Beltran seemed both touched and embarrassed about his teammates' desire to help get him a ring, quickly turning the discussion back to the 25-man unit.
"I take it as a compliment," Beltran said. "I take a lot of pride in being a good teammate, trying to help my guys and trying to impact my teammates in a positive way. We have to win it for all of us, not just for me. We all deserve to win it."
Video: ALCS Gm7: Beltran on Astros' bond, advancing to WS
Beltran's lack of a World Series title can't be attributed to his play, which has made him one of the great postseason performers of this generation. In 62 career playoff games, Beltran has 16 home runs, 42 RBIs and an impressive .311/.417/.618 slash line.
He's not shy about admitting what winning would mean to him, but he's also cognizant that it's not entirely in his hands. In fact, during the games in Los Angeles without the use of the designated hitter, he will be little more than a pinch-hitter in Games 1, 2, 6 and 7.
"This is what you dream about as a ballplayer," Beltran said. "Since you get the opportunity to sign as a professional ballplayer, your first dream is trying to get to the big leagues. Your second dream is trying to win a World Series. I have never been able to accomplish that. I got the opportunity to go once and we didn't win it. I'm just grateful and happy to be in this position. It's a blessing. It would be great if I win it. If I don't win it, it wasn't meant to be."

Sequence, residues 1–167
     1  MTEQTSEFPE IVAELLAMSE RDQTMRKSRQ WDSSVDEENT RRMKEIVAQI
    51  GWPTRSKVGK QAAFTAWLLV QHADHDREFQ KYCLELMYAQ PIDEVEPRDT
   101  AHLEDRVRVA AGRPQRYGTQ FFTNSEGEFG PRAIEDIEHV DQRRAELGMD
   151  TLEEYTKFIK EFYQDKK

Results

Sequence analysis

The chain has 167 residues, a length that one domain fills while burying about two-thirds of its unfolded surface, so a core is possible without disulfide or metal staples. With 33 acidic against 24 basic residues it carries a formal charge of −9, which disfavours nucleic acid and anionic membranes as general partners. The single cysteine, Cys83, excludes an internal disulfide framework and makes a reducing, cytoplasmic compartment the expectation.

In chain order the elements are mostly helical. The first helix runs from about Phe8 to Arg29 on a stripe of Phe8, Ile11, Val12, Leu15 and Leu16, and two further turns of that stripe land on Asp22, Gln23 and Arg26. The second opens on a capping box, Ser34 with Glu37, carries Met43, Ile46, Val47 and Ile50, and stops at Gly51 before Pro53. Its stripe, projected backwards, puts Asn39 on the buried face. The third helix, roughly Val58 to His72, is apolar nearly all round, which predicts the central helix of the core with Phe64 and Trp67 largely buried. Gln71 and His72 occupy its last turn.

While Verlander, Beltran and McCann were willing to look at things from a big-picture vantage point, Kershaw was laser-focused on Game 1 as he spoke about the Series Monday.
Video: WS2017 Gm1: Kershaw discusses his World Series plans
For Kershaw, the three-time National League Cy Young Award winner and 2014 National League MVP, this marks his first trip to the World Series, a destination he's longed to visit since he broke into the league in 2008. The Dodgers have been to the postseason seven times in Kershaw's 10 seasons, but each of the first six ended with a Los Angeles loss.
Kershaw is hoping this year is different, even if he isn't prepared to discuss what winning would mean.
"I always say you can analyze all that stuff after," Kershaw said. "I think it meant a lot in Chicago, when we were saying, 'We are going to the World Series.' That's a special thing. But now we're flipping the switch a little bit, and we're trying to figure out how to win four games.
"After the season is over we'll look back on it, and hopefully have a World Series trophy to celebrate. We'll wait for all the reflection stuff until after the season."
The one thing each of these veterans have in common is their appreciation for their position, knowing how difficult it is to even get to the World Series, let alone to win it.
"Not too many people get to this point," Beltran said. "I've heard stories from guys who played for 10 or 15 years and never got to a playoff round. It's hard. You have to embrace it. This doesn't happen every year."
For at least two of them, this finally will be that year.
Mark Feinsand, an executive reporter, originally joined MLB.com as a reporter in 2001.